Converting Minecraft Bedrock / Java Worlds with Chunker

Convert Minecraft Bedrock and Java Worlds Using Chunker
Convert Minecraft Bedrock and Java Worlds Using Chunker

People have been asking me for years how they can convert a Minecraft Bedrock world to Java edition (or vice versa) on projects such as my Docker container supporting both Java and Bedrock on the same server via Geyser. The answer in the past was that you needed to use one of the tools that could read both formats and convert between them such as Amulet. It wasn’t a very fun process though and not many had succeeded over the years.

Recently I was asked this question again though and when I went to look up what the current map editors supporting both formats were I found a surprise: Chunker! If you look at the text in the bottom of the screenshot above you’ll see “Proudly made by Hive Games under exclusive license to Minecraft”. This is actually an officially sanctioned tool with official Microsoft documentation.

In this guide I’ll show you the current capabilities of Chunker and how to use it to convert a Minecraft world between editions. Let’s get started!

Chunker Capabilities

Chunker is able to convert most things between Bedrock and Java but there are some exceptions. The full list of capabilities can be seen here on this Microsoft Learn article:

Chunker can currently convert:

  • Level settings
  • World data (blocks, biomes, and tile entities)
  • Multiple dimensions
  • Container & items
  • In-game maps

Chunker cannot currently convert

  • Entities
  • Player inventories

Working Around Inventory Transfers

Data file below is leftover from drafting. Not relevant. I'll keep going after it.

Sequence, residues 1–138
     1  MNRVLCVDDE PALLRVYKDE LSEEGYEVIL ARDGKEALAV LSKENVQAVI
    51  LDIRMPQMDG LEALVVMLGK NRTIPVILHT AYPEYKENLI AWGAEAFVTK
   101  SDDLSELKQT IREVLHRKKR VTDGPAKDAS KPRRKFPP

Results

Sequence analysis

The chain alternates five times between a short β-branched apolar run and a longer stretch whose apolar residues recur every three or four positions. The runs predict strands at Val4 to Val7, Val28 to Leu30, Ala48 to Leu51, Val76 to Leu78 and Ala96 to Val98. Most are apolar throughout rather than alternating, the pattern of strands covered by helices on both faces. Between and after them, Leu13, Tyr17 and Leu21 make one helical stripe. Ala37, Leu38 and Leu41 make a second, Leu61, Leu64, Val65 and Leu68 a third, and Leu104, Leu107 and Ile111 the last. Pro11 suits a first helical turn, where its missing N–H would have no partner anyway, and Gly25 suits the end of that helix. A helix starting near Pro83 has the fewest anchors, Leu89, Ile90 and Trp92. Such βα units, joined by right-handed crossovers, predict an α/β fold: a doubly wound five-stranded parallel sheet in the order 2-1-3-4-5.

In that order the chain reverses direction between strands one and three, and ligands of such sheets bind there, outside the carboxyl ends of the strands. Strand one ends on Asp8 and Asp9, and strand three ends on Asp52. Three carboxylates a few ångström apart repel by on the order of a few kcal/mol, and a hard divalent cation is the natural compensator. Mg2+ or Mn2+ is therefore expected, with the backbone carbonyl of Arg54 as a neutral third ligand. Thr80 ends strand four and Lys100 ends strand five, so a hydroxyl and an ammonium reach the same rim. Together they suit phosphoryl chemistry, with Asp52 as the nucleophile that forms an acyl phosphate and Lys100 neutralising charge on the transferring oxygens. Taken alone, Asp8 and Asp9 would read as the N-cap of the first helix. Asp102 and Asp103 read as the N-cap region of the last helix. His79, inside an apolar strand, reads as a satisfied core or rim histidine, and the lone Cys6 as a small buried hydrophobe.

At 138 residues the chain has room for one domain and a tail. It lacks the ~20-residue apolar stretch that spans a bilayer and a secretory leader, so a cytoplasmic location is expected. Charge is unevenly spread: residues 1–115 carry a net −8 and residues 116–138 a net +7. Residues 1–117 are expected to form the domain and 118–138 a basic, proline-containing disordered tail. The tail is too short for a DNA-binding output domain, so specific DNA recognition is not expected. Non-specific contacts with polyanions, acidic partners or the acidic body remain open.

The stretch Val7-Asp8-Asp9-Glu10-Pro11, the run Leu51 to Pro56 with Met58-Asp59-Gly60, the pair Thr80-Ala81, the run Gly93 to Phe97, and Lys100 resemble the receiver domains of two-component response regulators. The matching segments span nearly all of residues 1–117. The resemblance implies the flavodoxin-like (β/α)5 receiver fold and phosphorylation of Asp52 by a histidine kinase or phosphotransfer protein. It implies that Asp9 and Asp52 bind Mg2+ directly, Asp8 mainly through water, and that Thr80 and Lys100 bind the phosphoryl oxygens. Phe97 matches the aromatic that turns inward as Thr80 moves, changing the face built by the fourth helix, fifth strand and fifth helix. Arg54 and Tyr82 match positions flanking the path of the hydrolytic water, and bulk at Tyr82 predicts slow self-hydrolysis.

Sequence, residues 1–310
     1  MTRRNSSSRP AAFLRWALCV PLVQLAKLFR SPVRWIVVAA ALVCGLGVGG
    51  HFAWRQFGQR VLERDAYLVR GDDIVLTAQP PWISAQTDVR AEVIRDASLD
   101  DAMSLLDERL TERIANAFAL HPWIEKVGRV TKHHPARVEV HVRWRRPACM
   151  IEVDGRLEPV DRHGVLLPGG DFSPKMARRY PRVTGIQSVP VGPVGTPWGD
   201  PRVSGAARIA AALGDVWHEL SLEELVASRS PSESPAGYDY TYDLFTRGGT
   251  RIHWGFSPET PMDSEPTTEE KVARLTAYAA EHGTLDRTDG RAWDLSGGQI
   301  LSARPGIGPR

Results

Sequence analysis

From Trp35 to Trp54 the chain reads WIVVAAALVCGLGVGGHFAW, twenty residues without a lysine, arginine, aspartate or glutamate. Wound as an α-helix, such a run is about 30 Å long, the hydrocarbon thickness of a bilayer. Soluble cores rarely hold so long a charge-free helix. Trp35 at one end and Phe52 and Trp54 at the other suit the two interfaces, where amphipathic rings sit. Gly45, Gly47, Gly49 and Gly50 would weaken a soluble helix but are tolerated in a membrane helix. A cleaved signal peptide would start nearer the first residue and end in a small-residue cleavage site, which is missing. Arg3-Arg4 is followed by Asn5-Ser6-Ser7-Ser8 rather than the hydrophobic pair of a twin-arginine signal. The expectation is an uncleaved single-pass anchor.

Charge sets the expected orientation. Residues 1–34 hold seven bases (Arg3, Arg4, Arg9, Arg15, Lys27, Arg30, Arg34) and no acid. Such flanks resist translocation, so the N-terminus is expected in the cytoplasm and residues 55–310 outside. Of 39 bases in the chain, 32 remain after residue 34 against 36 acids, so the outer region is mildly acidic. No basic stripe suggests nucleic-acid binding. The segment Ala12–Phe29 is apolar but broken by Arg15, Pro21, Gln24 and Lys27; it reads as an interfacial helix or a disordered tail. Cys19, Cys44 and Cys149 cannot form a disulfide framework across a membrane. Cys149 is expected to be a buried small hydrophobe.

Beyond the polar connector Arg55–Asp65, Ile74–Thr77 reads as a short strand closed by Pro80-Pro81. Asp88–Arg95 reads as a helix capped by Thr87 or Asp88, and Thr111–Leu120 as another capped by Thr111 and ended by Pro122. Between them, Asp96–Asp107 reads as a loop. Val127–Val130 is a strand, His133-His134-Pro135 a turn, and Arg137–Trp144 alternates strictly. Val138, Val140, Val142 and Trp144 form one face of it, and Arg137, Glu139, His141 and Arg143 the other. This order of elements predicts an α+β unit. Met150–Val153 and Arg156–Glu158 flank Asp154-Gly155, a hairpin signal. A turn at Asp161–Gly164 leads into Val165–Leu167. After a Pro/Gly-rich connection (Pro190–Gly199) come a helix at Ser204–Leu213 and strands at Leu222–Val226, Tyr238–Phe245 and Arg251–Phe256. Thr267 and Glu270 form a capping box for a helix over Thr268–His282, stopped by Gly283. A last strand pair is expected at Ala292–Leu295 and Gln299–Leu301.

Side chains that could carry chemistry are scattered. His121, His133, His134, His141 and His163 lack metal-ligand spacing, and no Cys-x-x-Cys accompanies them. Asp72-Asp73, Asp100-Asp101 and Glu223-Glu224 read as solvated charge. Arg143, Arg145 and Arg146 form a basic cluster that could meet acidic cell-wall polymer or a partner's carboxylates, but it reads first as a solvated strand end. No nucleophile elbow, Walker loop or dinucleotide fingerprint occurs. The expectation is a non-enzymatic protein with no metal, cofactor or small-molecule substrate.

As you can see in the above list of capabilities Chunker cannot transfer player inventories at this time. There’s a super easy trick to get around this that we’ve seen success with here on the site.

Basically you have all of your players throw all of their inventory contents in chests. Chests/containers and the items inside them can be transferred.

This gets around this current limitation in Chunker and will work for most situations. As long as you have everyone who plays your server put their inventory contents they want to save in a chest they will be able to log back in and open the chest and have their character just as it was.


The other limitation of Chunker currently is that it cannot transfer entities. Entities are basically animals/pets/monsters/etc.

This will typically include anything that you’ve named with a name tag. If you have any barns that are full of animals you will need to gather those animals again.

This shouldn’t be a huge deal to most servers but some servers it may be a very big deal to if there’s a lot of monster grinders set up or huge barns / entity collections. These will not transfer at this time so be aware of that.


The official site for Chunker is here.

Usage is easy. Chunker basically wants you to upload your world’s entire folder (zipped or raw) with your Minecraft server files in it. This is the first step that is shown in the screenshot at the top of the article.

Once you’ve selected this and uploaded you’ll see this screen until it’s ready: